If the decedent was survived by a spouse or minor or dependent children and the estate value is under a certain amount, the estate may qualify for summary administrative proceedings. To qualify, the value of the estate must be less than the total of all mortgages, and liens, the homestead allowance, the family allowances, exempt property, and the expenses of the decedent’s last illness and funeral and administration of the estate. After payment of secured creditors by the personal representative, the spouse and/or children receive the remainder of the estate.
If an estate does not qualify for either of these simplified processes, it must go through either informal or formal probate. A formal probate process may be either supervised or unsupervised.
Most estates can go through informal probate. In informal probate, a personal representative is appointed and notifies heirs and creditors of the probate matter. The personal representative secures estate property, pays estate debts, and distributes the remaining assets according to the decedent’s will or state law. The personal representative must file certain required documents with the court, but the personal representative can handle estate business without obtaining court permission.
Informal probate is used when there are no disputes regarding debts, heirs, or other issues, and there are generally no hearings before a probate judge.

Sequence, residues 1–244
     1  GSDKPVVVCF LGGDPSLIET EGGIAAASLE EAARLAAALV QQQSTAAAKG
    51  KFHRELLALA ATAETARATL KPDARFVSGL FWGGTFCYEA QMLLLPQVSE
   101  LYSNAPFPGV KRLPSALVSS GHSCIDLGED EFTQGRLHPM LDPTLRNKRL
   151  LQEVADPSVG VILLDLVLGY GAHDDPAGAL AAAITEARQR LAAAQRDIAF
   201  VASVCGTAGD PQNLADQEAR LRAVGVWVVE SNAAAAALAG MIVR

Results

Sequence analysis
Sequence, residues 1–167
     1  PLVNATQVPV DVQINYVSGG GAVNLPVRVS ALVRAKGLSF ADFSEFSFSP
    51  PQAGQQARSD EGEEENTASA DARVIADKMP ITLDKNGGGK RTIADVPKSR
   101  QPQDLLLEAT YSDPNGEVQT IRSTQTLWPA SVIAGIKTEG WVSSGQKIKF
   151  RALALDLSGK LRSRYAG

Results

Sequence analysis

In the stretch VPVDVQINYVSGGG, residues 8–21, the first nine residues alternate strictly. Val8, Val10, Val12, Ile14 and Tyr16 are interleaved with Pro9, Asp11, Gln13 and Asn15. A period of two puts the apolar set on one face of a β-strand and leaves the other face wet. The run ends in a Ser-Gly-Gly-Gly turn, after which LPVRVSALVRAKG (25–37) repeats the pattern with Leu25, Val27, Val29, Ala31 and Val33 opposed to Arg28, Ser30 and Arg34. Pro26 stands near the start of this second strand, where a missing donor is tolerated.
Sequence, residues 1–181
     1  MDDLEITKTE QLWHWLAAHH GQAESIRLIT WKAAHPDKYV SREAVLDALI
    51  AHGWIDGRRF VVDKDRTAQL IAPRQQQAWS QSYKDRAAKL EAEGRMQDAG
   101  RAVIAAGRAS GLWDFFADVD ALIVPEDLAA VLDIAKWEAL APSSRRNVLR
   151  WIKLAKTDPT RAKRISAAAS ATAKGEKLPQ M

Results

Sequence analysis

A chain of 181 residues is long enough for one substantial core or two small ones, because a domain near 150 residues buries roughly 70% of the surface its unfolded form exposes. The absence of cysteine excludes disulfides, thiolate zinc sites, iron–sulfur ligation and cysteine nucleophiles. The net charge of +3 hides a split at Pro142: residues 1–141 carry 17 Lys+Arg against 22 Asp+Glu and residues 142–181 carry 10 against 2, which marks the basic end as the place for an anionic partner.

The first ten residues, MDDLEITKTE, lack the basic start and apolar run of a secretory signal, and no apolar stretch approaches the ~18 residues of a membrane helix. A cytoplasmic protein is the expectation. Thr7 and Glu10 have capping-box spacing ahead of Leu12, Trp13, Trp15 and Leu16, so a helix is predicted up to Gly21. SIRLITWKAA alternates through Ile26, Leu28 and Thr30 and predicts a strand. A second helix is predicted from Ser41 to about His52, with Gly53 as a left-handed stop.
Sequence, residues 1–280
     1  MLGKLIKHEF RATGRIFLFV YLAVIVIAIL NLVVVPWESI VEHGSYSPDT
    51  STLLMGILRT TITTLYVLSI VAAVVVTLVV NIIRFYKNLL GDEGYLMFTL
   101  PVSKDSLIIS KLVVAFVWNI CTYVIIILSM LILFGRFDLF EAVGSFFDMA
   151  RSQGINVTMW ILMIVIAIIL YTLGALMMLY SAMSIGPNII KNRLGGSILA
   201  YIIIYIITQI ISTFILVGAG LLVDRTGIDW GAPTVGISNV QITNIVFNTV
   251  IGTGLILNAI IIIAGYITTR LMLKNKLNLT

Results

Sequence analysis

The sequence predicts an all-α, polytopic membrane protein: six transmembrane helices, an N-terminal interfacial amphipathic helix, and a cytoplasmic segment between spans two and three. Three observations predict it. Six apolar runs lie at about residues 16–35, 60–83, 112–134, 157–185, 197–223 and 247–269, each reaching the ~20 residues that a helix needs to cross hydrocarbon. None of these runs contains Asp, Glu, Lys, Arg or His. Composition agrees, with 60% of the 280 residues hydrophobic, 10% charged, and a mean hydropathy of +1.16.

Unsupervised Formal Probate
The difference between informal probate and formal probate is that formal probate involves court hearings. The involvement of a judge in the case means that if there are disputes over issues such as the amount or validity of a debt or the meaning of a provision in the will, the judge can resolve the dispute. In unsupervised formal probate, the personal representative of the estate is also required to get the court’s permission before taking certain actions, such as selling estate property or making a final distribution of assets.
Supervised Formal Probate
Supervised formal probate involves court oversight of the personal representative’s actions at every step of the administration of the decedent’s estate. Formal probate is supervised only in certain circumstances: when directed by the decedent’s will, or if the court finds supervised administration is necessary to protect interested persons or for some other reason.
The more court hearings and judicial involvement there are in a probate case, the more costly it is likely to be and the more information about the estate that will be publicly available in the court file. For those reasons, it is usually preferable to use the simplest available probate process unless there is a particular reason for greater court oversight.
How Long Does the Probate Process Take?
The length of the probate process depends on the circumstances, including the size and complexity of the estate. A small estate or summary administration may take only a couple of months; a large, disputed, or complex estate could take years to settle. It’s common for an estate to be settled within six months to a year if there are no disputes or other complicating factors.
To learn more about Michigan probate or how to start the probate process in Michigan, speak with an experienced attorney. The knowledgeable probate attorneys at Barron, Rosenberg, Mayoras & Mayoras work with clients who need to settle a probate estate. Schedule a consultation today by calling (248) 213-9514 in Michigan or (941) 222-2199 in Florida to learn how we can assist you. You can also use our simple online contact form.